Apart from mentoring sessions, Fuzon’s tour gave their fans and audience in the US an opportunity to listen to the rock-qawwali mash up between the boys and the Fareed Ayaz Qawwal group.
“This particular LA tour was special in many ways as we conducted workshops for children from the under-served communities of LA to share our genre of music and teach them about the progressive culture of Pakistan. We performed for schoolchildren followed by a mega concert at the California Plaza attended by over 2,500 people from diverse cultural backgrounds. Even though some of them didn’t understand the language, they still danced to our tunes.”
A Qawwali mash-up
Fuzon collaborated with Farid Ayaz and Abu Muhammed Qawwal which resulted in the power of Sufi poetry and the dexterity of Fuzon’s sound being introduced to a new audience.
“Performing with the Qawwals was a memorable experience for us,” says Shallum. “It was also the first time both Fuzon and Abu Mohammed and Fareed Ayaz performed together on stage. The chants, the Sufi poetry, the beats and the atmosphere made the tour one of the best we have ever performed. The qawwals were very accommodating and overall we received an overwhelming response by a diverse audience.”
And the upside of teaching music to children? “Spending time with children is always exciting, especially when they have a strong inclination towards learning music. It was a great opportunity for us to teach them different scales and raags, which they were not aware of.
Being a cultural ambassador
“Music is all about sharing and whenever a musician shares his/her experience and knowledge, it creates a strong bond and helps both in terms of passion, vision and goals.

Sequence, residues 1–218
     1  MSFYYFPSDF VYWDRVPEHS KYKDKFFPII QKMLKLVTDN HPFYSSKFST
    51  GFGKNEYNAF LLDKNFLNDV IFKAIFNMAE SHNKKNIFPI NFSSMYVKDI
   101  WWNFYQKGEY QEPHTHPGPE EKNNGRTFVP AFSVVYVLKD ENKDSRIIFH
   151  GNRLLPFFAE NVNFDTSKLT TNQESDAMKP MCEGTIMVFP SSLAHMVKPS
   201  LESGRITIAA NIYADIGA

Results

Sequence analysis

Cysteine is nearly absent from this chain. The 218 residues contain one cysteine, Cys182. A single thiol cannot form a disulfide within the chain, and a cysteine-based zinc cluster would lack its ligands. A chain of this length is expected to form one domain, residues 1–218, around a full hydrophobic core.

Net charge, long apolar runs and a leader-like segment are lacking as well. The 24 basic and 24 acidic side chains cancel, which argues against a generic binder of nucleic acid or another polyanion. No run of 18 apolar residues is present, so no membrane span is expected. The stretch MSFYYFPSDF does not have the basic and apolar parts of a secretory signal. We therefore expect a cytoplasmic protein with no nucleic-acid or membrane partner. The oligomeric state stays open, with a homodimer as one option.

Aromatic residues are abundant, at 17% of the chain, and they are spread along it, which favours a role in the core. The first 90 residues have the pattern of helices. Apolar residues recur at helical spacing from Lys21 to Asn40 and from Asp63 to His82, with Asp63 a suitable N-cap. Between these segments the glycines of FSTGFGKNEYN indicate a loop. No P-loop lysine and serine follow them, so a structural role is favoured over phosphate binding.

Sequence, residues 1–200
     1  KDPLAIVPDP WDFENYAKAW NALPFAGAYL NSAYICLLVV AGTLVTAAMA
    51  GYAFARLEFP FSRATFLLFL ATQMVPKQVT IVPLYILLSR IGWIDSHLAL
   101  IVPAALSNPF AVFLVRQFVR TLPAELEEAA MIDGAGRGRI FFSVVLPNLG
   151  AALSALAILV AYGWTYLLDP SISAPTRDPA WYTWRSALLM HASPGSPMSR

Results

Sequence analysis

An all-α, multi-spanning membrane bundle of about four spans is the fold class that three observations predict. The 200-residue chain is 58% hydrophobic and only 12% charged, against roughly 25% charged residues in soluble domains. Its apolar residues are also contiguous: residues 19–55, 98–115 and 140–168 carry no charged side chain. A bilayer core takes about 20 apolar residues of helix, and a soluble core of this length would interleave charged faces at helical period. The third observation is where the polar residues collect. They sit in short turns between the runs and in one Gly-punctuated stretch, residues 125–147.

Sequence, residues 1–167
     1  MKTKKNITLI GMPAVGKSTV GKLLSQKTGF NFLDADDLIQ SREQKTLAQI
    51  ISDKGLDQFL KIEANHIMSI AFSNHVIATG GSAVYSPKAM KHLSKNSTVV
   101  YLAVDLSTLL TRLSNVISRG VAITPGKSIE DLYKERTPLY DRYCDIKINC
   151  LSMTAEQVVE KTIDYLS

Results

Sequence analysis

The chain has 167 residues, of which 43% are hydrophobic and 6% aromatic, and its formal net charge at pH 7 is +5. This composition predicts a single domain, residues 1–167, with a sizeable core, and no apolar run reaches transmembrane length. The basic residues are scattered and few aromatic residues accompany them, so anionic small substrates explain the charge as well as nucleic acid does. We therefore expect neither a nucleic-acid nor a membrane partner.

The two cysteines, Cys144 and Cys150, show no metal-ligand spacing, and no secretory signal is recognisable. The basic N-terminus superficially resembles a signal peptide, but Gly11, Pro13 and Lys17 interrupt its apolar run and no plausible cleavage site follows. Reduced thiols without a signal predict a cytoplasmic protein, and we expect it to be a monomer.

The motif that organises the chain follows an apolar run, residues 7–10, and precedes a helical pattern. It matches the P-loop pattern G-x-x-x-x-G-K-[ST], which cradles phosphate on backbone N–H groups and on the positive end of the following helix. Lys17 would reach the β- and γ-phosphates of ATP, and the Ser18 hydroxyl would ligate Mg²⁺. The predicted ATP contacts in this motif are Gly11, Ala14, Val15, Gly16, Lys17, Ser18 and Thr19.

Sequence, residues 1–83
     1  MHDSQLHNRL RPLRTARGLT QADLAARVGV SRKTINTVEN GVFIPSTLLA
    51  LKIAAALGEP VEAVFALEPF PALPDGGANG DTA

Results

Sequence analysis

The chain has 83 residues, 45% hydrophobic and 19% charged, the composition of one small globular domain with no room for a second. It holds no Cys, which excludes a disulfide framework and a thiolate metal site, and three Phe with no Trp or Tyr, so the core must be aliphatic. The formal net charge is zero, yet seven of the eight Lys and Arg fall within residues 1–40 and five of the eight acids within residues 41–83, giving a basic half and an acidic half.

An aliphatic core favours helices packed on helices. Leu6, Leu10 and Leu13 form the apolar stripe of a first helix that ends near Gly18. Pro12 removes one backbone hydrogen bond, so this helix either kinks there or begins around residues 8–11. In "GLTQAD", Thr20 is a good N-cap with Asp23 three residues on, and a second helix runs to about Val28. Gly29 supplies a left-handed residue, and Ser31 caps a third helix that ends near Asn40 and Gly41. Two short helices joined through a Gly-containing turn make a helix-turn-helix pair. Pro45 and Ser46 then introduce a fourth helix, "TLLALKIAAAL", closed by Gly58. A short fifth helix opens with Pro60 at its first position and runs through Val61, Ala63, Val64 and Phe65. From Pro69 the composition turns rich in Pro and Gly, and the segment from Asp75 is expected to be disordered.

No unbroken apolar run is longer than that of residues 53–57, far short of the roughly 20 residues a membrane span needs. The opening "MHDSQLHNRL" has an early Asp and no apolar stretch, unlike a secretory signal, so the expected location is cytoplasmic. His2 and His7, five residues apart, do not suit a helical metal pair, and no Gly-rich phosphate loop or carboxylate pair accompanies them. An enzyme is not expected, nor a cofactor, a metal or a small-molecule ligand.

“On this particular occasion, we shared information on music activities in Pakistan, our music legends, on the ethnic music and pop-rock in Pakistan.”
Shallum says there is a desperate need for Pakistan to showcase the vision of young Pakistanis. “It is imperative to challenge and change certain misconceptions about Pakistan and highlight the progressive components, the creative platforms, the talent pool of skillful, hardworking Pakistanis.
As cultural ambassadors, we believe in playing a pivotal role to show the Western world a more tolerant and progressive Pakistan.”
He says overseas Pakistanis show enormous support for events such as these as they live and work in a different culture but are deeply connected with all things Pakistani. “We have been on several tours and on each and every trip some or the other Pakistani expatriate is always at hand to assist and facilitate us. We have been served home-cooked Pakistani meals after our shows many times. They open their hearts and homes to us.”
Fuzon is focusing on their upcoming fourth album and some music videos, so they have no plans to collaborate with any artist for now, says Shallum. “But if an opportunity does arrive, we will do our best to experiment with a distinct new sound.”
The boys will be leaving for another international tour of the US and the UK in the coming months to promote their new album. “Fuzon has collaborated with an Indian and American film production team and our songs and music will be featured in an upcoming Hollywood and Bollywood collaborative feature film called Mother to be released in November. We also hope to tour India by the end of this year.
“As for my solo projects, I am finalising the music production of a song in collaboration with Ali Zafar and Sanam Marvi. I’m also working on an agency to promote and project upcoming Pakistani artists in America, India and Norway, in collaboration with my partner and friend Usman,” adds Shallum.
Published in Dawn, Sunday Magazine, October 2nd, 2016